Maariv: 6:20 PM
Megilla Laining 1: 6:35 PM
Megilla Laining 2: 9:30 PM

As in years past, there will be a special Megillah laining for children ages nine and under followed by a short rally. The Megilla laining will begin at 6:35 PM downstairs. In order to ensure that everyone listening to the Megillah downstairs fulfills their obligation to hear each and every word, this program is only for children nine and under and all children ages four and under must be supervised by adult.

פורים – Thursday, Adar 14, March 5:
Shacharis 1: 7:00 AM
Megilla Laining 1: Approximately 7:30 AM
Shacharis 2: 8:00 AM
Megilla Laining 2: Approximately 8:30 AM
Shacharis 3: 9:00 AM
Megilla Laining 3: Approximately 9:30 AM
Shacharis 4: 10:00 AM
Megilla Laining 4: Approximately 10:30 AM
9:16am :סוף זמן קריאת שמע
Mincha 1: 3:00 PM
Mincha 2: 4:30 PM
Shkiah: 5:51 PM
Maariv and Farbrengen: 9:00 PM

Parents – Please be sure that your children do not bring any items that make smoke into the shul building.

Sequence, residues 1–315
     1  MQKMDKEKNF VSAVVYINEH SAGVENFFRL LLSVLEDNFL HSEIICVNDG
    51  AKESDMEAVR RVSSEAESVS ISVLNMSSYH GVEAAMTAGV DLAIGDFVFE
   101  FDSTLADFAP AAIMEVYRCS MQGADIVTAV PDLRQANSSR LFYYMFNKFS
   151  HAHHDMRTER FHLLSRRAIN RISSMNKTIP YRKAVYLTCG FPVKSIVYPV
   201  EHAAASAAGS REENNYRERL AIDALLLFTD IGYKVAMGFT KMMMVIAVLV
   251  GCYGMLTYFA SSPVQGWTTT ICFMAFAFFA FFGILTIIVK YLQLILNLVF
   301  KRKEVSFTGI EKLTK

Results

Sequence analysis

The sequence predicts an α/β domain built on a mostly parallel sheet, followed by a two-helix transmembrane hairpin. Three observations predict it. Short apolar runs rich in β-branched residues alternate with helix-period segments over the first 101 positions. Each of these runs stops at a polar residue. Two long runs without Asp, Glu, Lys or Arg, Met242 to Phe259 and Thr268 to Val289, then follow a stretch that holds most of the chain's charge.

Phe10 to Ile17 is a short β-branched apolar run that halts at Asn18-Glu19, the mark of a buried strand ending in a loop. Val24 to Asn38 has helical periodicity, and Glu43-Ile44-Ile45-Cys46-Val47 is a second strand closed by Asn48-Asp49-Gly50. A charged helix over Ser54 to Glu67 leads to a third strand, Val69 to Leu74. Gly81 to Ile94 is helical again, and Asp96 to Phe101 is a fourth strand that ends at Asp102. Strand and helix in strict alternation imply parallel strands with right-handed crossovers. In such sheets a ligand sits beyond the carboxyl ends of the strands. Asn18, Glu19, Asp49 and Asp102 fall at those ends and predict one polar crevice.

Purim Specials at The Sofer Center

In honor of Purim, The Sofer Center will be having discounts on the following Seforim:

1) Kol Menachem Megilas Esther (The Slager Edition) Regular price: $22.99, Sale Price: $19.99
2) Vedibarta Bam Megilas Esther, Regular price: $17.99, Sale Price: $15.99
3) The complete Story of Purim, Regular price: $6.50, Sale Price: $5.99
4) Megilas Esther English Paperback,  Regular Price: $3.75, Sale Price: $2.99
5) Shaarei Hamoadim - Purim (2 volumes), Regular Price: $31.99, Sale Price: $27.99
6) Likkutei Sichos Moadim Daled Parshios (2 volumes), Regular Price $39.99, Sale Price: $35.99
7) Purim Guess Who? Regular Price $8.99, Sale Price $6.99

Buy any Purim Special and save 5% on the rest of your purchase of Seforim, Tzitzis, Yarmulkas and Taleisim.

While supplies last.

Looking to give a Bar Mitzvah Bochur or an Upshernish boy a gift but not sure what? At The Sofer Center we are fully stocked with all Sifrei Chabad, as well as Chassidishe Story books for children and youth.

Sofer Center Gift Certificates are available for $10 and up.

The Sofer Center is located at: 25 Main St Monsey NY 10952 (right across the street from Shoppers Haven). Hours are: Monday – Thursday 12pm - 7pm, Friday 10am -2:30pm, Sunday 10am - 5pm

For additional information Call 845-262-0246 or visit www.TheSoferCenter.com.